1. The first female enlisted Marine joined in 1918
In 1918, Opha May Johnson was the first known female to enlist in the Marine Corps. After her, 305 brave women decided they to would swear the oath and join the beloved Corps, serving in the Reserves during World War I.
2. FDR was the president who created their Corps
In 1943, Congress allowed President Franklin Roosevelt to ink into law the creation of the Marine Corps Women’s Reserve.
An outstanding achievement.
3. The first female enlisted Marine Reservist joined in 1943
After the Marine Corps’ Women’s Reserve was officially created, Lucille McClarren, from Nemacolin, Pennsylvania, was the first female to join the reserve unit. Before joining, Pvt. McClarren worked as a stenographer for the War Department in Washington, D.C.
4. They served in ancillary combat positions to support the fight
The new female Marines were limited to non-combat related roles and took up occupations in clerical positions. However, many of them worked their way into the fight and earned ancillary combat position like mechanics, radio operators, parachute riggers, and welders — just to name a few.
Today, females have earned their right to work and fight alongside their male counterparts on the frontlines. They’ve displayed extreme dedication to the Marine Corps in various infantry roles and continue to prove that they are capable of much more than history has given them credit for.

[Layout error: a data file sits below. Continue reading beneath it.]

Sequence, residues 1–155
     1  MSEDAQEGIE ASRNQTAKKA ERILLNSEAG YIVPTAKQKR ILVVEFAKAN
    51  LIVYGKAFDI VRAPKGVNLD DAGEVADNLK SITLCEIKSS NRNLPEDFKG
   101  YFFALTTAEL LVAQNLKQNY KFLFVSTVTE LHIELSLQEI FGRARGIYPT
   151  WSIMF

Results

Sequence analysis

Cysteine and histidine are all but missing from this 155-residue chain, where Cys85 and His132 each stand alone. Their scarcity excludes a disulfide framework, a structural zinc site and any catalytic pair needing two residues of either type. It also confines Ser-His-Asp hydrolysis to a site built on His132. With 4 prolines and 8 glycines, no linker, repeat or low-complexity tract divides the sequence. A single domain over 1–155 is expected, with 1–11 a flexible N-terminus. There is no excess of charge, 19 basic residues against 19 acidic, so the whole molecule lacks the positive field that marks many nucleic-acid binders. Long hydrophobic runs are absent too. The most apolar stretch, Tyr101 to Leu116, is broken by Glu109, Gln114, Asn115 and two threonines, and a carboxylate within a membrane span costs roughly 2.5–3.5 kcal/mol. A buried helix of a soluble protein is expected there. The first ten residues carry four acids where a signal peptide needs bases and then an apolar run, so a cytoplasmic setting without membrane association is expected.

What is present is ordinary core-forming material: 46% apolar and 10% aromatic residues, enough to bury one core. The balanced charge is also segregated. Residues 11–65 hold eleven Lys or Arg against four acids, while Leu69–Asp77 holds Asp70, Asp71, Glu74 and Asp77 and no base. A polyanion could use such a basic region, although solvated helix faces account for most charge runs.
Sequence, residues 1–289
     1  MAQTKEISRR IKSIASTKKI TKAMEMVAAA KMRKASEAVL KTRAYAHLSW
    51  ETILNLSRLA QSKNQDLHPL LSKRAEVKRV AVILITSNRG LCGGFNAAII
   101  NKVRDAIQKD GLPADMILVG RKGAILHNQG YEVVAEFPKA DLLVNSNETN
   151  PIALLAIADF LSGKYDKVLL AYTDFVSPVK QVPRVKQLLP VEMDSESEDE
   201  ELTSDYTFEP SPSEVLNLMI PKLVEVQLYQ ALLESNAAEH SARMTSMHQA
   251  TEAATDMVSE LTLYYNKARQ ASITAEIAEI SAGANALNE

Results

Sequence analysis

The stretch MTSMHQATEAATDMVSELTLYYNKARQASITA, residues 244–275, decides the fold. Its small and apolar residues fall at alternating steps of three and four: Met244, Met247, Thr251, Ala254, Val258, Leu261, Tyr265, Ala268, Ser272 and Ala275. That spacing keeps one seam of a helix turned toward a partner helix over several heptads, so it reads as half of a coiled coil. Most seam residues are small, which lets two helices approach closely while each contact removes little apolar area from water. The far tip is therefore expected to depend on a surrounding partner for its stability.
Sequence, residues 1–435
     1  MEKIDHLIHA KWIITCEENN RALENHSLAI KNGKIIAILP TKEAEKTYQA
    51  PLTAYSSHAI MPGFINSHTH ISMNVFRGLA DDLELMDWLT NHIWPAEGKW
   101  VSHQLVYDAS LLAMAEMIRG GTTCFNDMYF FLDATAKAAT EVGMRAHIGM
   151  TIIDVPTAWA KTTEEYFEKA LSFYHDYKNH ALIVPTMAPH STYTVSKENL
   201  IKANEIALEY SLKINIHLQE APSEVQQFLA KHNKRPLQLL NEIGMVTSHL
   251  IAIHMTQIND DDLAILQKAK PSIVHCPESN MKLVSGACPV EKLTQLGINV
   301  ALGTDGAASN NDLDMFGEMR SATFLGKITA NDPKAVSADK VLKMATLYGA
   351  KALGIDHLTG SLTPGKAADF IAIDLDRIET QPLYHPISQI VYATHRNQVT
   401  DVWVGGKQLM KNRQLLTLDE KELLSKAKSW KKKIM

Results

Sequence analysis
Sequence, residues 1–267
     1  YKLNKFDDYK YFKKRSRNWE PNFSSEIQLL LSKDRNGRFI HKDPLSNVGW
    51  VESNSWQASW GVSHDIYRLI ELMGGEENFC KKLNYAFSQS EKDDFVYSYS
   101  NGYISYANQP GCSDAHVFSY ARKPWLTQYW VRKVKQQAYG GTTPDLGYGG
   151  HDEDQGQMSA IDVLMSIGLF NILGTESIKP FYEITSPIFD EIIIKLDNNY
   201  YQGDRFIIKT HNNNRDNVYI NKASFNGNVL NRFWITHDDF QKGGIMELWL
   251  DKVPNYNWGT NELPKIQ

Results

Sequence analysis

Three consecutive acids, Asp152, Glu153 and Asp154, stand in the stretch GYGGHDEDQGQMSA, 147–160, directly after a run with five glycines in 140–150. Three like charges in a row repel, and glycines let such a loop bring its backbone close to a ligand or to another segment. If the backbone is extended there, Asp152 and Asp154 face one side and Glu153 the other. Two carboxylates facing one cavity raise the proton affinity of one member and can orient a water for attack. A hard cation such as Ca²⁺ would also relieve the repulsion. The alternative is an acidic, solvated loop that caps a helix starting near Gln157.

Check out the Marines’ video to witness the incredible impact females have had on the Corps’ history for yourself.
The black-hatted redcoats who guard royal residences in London and beyond, including Buckingham Palace and the Tower of London, are the Queen’s Guard. While you might think it’s fun to get in their way and try to make them laugh, the reality is these guys will straight up break you if it comes down to it. This all starts with the overly large hat on their head.
The hat – a bearskin – is a symbol of what it takes to be the best.
(Ministry of Defence)
While the Guard date all the way back to 1656, their trademark bearskin shakos date back to the Napoleonic Wars, the end of the Napoleonic Wars. As its name suggests, this is the series of conflicts fought between Imperial France, led by Napoleon and his various allies against the United Kingdom and the Coalitions it formed to counter the rise of the little emperor. The Guards were part of the First Regiment of Foot that finally ended the Napoleonic Wars at the Battle of Waterloo in 1815. That’s also when their uniforms picked up the now-iconic bearskin hats.
Specifically, the British picked the hats up from the dead bodies of fallen Frenchmen.
Some of Napoleon’s most elite troops and diehard supporters were the French Imperial Guard. These were troops that had been with Napoleon from the very beginning and were with him to retake power when l’empereur returned from exile on Elba. That’s how they ended up at Waterloo in the first place. They were the (arguably) the world’s best soldiers, and definitely some of the most fearsome in the world. The grenade-throwing grenadiers wore large bearskin shakos to make themselves appear taller and more fearsome. They received better pay, rations, quarters, and equipment, and all guardsmen ranked one grade higher than all non-Imperial Guard soldiers.
At Waterloo, the decisive engagement that determined if Napoleon would once again be master of Europe, the emperor committed his Imperial Guard against the First Regiment of Foot. The outcome of that battle would change history, as for Napoleon, it was a huge gamble that, if successful, could totally break the British and win the battle for the French. That’s why he committed his best.